This article was first published in the Autumn/Winter 2015 issue of International Cruise & Ferry Review.
Founded in 1947 to connect major centres along the Croatian coast as well as numerous islands with the mainland, Jadrolinija was a successor of various small shipowners with links dating as far back as 1872.
Alan Klanac is a marine engineer who graduated in naval architecture, and has also worked as a consultant in the maritime and offshore field. Since his appointment, he has focused on further improving the line’s competitiveness and also on introducing new ships that embrace maximum compliance with environmental standards.
Jadrolinija’s Adriatic operation is divided into three districts: Rijeka, Zadar & Šibenik and Split & Dubrovnik. “We operate a fleet of 50 ships, including three large vessels for the international lines to Italy and seven high-speed passenger-only craft,” says Klanac. “The rest are the ferries, most of which are double-enders on shorter routes, typically of around 90 minutes in duration. Last year we carried 9,981,949 passengers and 2,530,434 vehicles on our ships. We have a number of ships that operate longer routes of up to five hours and these are day ferries.”
The fleet has an average age of 20 years and the company introduced four new ships in 2014. “We have strong plans for fleet renewal,” says Klanac. “In fact in the past 15 years we have either purchased or constructed a total of 17 ships and the plans for the future are to build but also to buy on the second-hand market to reduce waiting time for new tonnage.”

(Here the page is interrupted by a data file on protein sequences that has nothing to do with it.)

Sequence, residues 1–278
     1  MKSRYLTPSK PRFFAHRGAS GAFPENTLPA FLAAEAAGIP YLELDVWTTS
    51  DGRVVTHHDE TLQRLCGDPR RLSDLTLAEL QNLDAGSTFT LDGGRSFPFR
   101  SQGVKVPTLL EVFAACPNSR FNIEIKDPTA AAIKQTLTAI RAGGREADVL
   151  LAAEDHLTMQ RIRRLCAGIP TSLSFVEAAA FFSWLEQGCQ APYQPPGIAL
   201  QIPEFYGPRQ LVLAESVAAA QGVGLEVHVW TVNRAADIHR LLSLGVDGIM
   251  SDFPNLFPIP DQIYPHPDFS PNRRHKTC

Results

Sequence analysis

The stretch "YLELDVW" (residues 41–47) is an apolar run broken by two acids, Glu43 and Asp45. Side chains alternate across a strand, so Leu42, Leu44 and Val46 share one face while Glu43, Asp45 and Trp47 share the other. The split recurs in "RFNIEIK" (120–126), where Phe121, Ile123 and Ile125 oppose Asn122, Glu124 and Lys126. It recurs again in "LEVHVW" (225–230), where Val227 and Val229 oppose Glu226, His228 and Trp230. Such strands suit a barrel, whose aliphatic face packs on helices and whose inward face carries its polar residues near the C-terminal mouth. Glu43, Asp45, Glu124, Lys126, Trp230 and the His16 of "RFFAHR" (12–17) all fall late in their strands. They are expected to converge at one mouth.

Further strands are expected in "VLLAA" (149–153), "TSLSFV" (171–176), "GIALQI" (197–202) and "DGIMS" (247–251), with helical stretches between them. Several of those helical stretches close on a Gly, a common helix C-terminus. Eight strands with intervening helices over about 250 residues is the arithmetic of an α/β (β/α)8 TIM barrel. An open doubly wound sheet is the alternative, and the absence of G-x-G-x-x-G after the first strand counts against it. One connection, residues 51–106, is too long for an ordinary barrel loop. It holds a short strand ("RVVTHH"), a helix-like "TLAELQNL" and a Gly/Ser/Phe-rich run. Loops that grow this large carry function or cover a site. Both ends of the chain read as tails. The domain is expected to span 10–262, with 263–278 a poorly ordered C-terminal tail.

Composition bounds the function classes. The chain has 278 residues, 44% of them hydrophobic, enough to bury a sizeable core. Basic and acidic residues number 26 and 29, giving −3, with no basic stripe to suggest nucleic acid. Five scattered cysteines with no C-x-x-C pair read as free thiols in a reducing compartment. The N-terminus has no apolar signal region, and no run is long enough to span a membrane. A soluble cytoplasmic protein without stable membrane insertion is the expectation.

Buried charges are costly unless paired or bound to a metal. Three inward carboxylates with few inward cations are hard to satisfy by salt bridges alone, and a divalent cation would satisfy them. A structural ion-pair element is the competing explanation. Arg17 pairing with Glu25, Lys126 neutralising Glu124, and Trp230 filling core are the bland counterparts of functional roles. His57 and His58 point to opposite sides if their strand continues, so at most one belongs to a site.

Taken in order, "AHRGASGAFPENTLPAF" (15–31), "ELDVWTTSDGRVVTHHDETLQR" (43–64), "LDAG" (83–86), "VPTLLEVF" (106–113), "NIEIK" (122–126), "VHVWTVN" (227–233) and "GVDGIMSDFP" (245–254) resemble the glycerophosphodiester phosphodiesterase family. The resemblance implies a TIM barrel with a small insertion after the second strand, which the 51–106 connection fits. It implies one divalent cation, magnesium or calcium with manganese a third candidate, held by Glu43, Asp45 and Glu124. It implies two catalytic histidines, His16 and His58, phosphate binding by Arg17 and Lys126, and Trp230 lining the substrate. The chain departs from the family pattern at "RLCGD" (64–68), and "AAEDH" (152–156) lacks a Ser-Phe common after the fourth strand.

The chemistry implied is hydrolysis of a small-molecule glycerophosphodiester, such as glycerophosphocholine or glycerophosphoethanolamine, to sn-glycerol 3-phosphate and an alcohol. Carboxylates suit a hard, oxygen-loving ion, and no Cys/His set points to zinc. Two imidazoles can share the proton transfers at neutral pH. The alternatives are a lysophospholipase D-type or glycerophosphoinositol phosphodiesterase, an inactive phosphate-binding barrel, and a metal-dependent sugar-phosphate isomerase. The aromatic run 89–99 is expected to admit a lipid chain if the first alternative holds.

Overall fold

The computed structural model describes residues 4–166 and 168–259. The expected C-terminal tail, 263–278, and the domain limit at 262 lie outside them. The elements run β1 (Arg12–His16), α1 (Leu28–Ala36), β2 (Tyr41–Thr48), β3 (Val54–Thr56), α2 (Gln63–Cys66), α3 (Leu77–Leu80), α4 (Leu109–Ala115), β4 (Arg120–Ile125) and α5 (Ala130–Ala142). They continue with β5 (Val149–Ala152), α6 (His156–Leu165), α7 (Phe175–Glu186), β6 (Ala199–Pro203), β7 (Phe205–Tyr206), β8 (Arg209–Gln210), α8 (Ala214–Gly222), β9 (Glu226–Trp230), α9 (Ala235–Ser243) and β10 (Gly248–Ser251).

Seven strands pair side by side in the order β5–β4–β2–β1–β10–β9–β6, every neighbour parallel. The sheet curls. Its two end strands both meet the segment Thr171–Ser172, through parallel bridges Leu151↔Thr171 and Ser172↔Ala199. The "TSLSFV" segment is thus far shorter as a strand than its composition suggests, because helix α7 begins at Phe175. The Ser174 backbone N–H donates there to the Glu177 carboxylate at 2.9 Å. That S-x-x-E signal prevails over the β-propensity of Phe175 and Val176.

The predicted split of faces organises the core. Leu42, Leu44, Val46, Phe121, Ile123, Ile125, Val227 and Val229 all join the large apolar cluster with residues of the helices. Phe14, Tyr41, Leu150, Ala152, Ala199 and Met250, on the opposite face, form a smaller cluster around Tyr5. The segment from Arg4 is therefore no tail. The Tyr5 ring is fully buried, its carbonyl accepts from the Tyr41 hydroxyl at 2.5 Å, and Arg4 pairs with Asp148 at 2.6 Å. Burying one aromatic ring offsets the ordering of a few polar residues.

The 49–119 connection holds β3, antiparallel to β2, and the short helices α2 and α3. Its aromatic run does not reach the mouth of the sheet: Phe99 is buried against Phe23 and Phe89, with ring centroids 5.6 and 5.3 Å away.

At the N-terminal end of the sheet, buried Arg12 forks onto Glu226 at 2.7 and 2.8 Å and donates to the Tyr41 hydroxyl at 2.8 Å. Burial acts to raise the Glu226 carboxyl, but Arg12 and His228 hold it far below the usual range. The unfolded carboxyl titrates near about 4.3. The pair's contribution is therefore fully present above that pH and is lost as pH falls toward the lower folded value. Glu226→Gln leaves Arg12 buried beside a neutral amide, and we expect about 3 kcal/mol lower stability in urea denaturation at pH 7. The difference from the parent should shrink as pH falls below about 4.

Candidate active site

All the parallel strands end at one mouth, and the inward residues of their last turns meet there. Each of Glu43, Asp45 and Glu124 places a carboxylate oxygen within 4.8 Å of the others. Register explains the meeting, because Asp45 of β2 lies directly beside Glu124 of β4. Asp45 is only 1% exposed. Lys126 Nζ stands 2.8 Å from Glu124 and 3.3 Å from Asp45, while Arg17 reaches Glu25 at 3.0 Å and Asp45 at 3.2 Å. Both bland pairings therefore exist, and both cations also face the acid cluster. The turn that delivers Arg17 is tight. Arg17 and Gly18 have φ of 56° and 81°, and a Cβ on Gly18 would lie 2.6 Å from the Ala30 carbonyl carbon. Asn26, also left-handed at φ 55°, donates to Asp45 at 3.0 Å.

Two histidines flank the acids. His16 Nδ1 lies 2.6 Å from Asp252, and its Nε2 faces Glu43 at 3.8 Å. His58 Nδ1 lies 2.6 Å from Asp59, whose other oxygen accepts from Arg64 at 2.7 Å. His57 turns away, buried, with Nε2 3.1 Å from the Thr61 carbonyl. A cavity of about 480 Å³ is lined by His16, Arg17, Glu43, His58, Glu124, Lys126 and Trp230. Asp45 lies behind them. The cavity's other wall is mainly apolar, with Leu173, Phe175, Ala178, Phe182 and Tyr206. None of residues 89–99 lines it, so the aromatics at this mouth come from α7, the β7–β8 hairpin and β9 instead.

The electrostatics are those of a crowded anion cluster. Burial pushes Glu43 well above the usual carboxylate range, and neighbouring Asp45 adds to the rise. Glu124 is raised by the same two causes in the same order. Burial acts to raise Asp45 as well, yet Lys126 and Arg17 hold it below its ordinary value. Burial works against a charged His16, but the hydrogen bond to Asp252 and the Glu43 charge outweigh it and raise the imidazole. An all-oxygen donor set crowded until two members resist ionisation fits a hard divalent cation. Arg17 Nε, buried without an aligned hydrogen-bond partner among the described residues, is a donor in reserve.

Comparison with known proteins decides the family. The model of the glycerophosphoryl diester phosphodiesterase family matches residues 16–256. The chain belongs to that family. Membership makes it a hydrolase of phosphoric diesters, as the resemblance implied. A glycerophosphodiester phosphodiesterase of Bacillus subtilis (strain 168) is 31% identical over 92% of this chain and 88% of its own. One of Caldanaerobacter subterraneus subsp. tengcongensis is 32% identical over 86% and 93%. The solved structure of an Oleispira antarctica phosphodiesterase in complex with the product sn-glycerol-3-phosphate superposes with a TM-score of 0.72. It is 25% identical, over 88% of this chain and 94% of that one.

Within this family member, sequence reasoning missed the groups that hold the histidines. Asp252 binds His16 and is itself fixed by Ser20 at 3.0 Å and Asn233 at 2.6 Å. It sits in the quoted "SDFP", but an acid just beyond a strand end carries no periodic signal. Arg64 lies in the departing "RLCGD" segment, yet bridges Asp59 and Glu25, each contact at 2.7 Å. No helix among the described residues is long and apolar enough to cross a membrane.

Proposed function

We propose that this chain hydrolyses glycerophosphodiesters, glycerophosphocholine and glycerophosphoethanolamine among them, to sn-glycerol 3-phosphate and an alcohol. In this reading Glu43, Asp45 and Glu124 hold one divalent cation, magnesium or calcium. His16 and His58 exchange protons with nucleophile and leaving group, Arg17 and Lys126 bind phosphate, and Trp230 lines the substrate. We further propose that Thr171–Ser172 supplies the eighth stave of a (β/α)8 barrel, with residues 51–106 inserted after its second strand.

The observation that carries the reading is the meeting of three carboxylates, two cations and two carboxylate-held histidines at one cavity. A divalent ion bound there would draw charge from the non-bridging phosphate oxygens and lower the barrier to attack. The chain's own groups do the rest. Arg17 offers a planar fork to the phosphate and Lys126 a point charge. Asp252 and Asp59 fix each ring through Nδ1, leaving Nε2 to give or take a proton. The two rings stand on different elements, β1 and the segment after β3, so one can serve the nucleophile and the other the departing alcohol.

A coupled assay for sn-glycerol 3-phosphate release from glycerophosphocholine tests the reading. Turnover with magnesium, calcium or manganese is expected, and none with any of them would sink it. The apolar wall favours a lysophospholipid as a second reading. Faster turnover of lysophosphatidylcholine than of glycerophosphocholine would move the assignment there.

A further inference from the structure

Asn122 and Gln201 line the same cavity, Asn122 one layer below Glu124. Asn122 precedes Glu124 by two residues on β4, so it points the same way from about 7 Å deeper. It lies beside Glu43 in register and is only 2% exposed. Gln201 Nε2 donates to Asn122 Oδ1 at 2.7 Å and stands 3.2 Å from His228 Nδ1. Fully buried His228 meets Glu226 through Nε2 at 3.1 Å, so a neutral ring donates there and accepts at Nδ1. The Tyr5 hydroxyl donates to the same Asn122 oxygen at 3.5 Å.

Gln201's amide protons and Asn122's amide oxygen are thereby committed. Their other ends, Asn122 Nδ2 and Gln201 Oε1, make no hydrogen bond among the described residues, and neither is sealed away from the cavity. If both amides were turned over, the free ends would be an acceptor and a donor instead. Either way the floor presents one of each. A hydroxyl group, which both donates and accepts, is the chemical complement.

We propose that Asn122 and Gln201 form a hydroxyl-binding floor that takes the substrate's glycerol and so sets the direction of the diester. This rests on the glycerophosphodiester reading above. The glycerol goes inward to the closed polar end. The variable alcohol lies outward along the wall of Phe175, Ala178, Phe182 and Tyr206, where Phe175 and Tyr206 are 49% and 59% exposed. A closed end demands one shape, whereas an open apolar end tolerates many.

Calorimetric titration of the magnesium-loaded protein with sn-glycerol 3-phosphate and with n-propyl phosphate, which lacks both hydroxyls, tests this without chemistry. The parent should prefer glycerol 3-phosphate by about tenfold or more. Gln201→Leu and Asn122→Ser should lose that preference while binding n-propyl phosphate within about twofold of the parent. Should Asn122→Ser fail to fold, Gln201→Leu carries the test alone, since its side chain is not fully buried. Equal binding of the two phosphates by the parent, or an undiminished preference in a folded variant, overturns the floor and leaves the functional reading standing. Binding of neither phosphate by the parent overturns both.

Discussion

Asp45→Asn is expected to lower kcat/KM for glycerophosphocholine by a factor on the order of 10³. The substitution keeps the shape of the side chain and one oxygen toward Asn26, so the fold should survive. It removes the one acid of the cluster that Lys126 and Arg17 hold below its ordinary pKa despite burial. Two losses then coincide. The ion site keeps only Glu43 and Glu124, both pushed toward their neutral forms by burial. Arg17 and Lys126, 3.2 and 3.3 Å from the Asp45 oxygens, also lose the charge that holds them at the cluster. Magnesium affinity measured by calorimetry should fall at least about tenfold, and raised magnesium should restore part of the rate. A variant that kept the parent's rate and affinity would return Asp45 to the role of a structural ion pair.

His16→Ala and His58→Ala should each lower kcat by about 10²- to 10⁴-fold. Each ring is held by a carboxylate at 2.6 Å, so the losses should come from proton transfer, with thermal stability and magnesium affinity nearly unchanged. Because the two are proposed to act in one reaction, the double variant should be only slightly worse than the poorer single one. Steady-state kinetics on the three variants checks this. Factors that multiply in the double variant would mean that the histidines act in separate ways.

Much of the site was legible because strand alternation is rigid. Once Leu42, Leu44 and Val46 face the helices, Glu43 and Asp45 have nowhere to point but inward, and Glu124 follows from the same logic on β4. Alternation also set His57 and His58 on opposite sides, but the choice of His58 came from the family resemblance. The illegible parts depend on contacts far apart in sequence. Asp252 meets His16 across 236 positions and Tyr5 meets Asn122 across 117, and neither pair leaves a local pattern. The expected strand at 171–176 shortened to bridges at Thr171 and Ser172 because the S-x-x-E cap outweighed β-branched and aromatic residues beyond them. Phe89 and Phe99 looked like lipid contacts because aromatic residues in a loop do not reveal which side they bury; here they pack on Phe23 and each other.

For now the focus is on the fleet and quay-to-quay transport, he says: “Our business is typically the transport of tourists in summer and this requires that in strong peaks we transport large numbers of passengers and vehicles without disruptions. We provide this service with a very small amount of infrastructure, most of which is related to berths. Terminals are still not present in Croatia; we are however hoping to start terminal operations. But this is some time in the future.”
The company has recently implemented a series of new products to the market that relate to e-business. “Online E-Jadrolinija sales mark the end of long queues at ticket offices thanks to the availability of pre-paid cards that ensure direct boarding,” says Klanac. “We plan to continue these activities in the years to come and of course we had to consider that without terminal facilities, which would normally allow an e-business to be implemented, we had to come up with a different solution to those currently on the market. We are proud of having developed such a sophisticated system; just a few ferry companies in Europe have anything similar.”
Jadrolinija is actively looking into alternative fuels. “We currently operate a fleet that runs on marine gas oil of less than 0.1 percent, so we run a very clean operation. We are however looking into LNG which could substitute for marine gas.”
Like all operators, Jadrolinija must focus on three levels of regulatory inputs: national, European and international. “We take a very active role in Interferry and through this channel we hope we can attain a better influence to the changes proposed by Administrations,” says Klanac. “With a permanent place in IMO it is the best way to influence changes at the European and international level.”
Ongoing challenges include seasonality, which is a constant issue for Jadrolinija as a fully Adriatic-based company. “The Mediterranean is very much a tourist destination and this tends to be focused on the school holidays in July and August. Not only that but we have the weekend peaks too so daily traffic in summer might be bigger than monthly traffic in winter, causing problems with cash flow, capacity, staffing and crewing.”
Klanac also wants to exploit the changing habits of consumers. “They are travelling more and they want different experiences in the same period of time. So we are looking into that aspect to shape our business approach and models,” he says.
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